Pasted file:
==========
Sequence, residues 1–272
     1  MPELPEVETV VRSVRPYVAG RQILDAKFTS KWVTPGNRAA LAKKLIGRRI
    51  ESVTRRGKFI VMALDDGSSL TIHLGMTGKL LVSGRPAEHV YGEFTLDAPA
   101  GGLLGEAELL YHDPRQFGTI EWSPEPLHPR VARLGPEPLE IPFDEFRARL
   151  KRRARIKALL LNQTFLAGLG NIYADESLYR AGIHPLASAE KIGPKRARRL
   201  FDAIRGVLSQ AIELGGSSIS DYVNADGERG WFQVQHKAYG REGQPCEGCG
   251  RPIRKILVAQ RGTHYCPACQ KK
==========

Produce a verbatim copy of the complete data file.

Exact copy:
Sequence, residues 1–272
     1  MPELPEVETV VRSVRPYVAG RQILDAKFTS KWVTPGNRAA LAKKLIGRRI
    51  ESVTRRGKFI VMALDDGSSL TIHLGMTGKL LVSGRPAEHV YGEFTLDAPA
   101  GGLLGEAELL YHDPRQFGTI EWSPEPLHPR VARLGPEPLE IPFDEFRARL
   151  KRRARIKALL LNQTFLAGLG NIYADESLYR AGIHPLASAE KIGPKRARRL
   201  FDAIRGVLSQ AIELGGSSIS DYVNADGERG WFQVQHKAYG REGQPCEGCG
   251  RPIRKILVAQ RGTHYCPACQ KK